The second feature of the Philippines’ legislated changes is the establishment of a national structure to govern and accelerate the shift to prevention and resilience. Currently, local disaster risk management offices are required in every province, city and municipality. They contribute to the development of local risk reduction plans that are then incorporated in land-use and economic development plans. These plans are informed by and inform the development of the national disaster management plan, which is overseen by the Office of Civil Defense in the Department of National Defense.
The pending legislation will further strengthen governance arrangements by transferring and elevating those responsibilities to a new, cabinet-level, Department of Disaster Resilience. The department will have the mandate, increased resources and authority to mainstream climate change adaptation and disaster risk reduction in policy formulation, socioeconomic development planning, budgeting and governance across all agencies and levels of government.
The third emergent feature is the incorporation of explicit roles for key non-government stakeholders, such as the private sector and civil society organisations, in the national governance framework.
The Philippines’ National Disaster Risk Reduction and Management Council, which is the relevant peak body, includes the cabinet-level heads of each major government department as well as permanent representatives from civil society, the Philippines Red Cross and the private sector. This is important because of the crucial role those non-government actors play in building community, regional and national resilience.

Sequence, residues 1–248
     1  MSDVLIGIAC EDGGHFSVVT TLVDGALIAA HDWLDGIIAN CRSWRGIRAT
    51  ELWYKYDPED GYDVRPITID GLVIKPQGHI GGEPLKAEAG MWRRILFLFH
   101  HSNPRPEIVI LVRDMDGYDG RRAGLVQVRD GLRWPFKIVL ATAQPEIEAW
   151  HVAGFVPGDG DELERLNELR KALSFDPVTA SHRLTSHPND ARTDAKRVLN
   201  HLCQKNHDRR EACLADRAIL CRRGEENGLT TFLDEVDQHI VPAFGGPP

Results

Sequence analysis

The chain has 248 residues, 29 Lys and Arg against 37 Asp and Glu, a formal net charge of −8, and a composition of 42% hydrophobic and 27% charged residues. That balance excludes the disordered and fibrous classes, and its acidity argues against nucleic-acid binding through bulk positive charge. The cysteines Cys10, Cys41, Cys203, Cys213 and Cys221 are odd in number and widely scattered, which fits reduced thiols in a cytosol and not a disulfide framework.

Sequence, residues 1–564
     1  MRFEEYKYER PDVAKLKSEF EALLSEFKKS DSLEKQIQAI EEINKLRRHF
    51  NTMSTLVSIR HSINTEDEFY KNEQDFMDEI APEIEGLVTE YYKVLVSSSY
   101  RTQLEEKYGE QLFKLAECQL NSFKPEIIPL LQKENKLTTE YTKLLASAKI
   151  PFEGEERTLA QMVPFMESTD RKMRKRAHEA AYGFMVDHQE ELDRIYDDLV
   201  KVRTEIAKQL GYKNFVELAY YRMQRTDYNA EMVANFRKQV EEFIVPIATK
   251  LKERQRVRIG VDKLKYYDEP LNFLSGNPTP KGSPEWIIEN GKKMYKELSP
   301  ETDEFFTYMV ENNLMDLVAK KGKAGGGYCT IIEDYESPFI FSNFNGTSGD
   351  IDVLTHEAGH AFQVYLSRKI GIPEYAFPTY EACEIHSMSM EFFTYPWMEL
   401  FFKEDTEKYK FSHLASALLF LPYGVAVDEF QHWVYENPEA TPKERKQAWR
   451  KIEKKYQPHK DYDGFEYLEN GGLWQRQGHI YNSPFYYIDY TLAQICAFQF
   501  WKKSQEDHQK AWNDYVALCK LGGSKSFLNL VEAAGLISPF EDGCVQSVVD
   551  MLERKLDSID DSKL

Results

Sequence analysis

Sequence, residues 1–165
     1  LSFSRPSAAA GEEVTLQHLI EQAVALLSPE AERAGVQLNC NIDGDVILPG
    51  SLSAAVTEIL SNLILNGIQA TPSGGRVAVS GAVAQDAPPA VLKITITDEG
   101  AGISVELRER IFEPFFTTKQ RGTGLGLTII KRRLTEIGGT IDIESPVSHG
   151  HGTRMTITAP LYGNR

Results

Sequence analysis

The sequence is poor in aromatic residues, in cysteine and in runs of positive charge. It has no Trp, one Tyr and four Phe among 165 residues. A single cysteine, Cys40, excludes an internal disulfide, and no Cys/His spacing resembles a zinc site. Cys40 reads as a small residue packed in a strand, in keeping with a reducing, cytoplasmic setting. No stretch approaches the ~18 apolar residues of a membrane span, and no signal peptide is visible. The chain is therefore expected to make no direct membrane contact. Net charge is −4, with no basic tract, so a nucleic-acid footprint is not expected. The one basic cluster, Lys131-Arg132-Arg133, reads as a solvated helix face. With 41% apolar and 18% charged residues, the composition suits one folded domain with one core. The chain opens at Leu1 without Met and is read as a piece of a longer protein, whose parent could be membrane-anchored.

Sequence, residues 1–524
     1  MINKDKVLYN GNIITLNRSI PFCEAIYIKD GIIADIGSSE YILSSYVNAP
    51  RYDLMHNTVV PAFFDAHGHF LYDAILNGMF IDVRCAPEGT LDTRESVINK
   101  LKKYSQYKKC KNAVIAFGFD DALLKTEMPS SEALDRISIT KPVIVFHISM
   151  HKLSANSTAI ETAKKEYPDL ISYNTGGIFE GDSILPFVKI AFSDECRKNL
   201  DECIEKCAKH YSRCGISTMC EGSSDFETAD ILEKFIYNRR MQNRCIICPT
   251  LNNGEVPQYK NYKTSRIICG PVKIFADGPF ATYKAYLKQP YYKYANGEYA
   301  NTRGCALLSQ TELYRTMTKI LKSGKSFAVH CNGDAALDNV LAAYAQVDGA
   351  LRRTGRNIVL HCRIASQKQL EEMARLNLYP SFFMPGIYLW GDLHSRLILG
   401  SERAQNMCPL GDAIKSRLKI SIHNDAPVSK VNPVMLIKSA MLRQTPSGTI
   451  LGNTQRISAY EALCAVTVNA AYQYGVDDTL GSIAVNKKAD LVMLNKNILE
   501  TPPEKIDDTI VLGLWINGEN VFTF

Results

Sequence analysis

The private sector will also be called on to play a proponent role as part of these changes, given that it will make trillions of dollars of new investments in hazard-prone areas in the decades ahead. How it considers and manages capital investments, supply chains and operations will be a decisive factor in reducing overall exposure to disaster risk.
Similarly, civil society organisations make unique contributions to the development of frameworks, standards and plans for disaster risk reduction when they help to implement local, national, regional and global plans and strategies. They’re also active in supporting public awareness, encouraging a culture of prevention and education on disaster risk, and advocating for resilient communities and an inclusive, all-of-society approach to disaster risk management.
These steps by the Philippine government to build resilience to climate change aren’t perfect. A recent review by the Philippines Commission on Audit has noted that, while the plans are solid, there are ‘significant question marks’ concerning their implementation, in terms of ‘both … the funding that must be made available to support the implementation and the consistency in approach to be taken throughout all levels of government’.
Nevertheless, they’re innovative and appropriate to the changing threat and foreshadow the shifts many more countries will need to make as the frequency and intensity of natural hazards increases. Many countries, including Australia, that recognise the need to address disaster mitigation challenges will observe the Philippines’ innovation with interest. Should we emulate the innovation shown by our Indo-Pacific neighbour?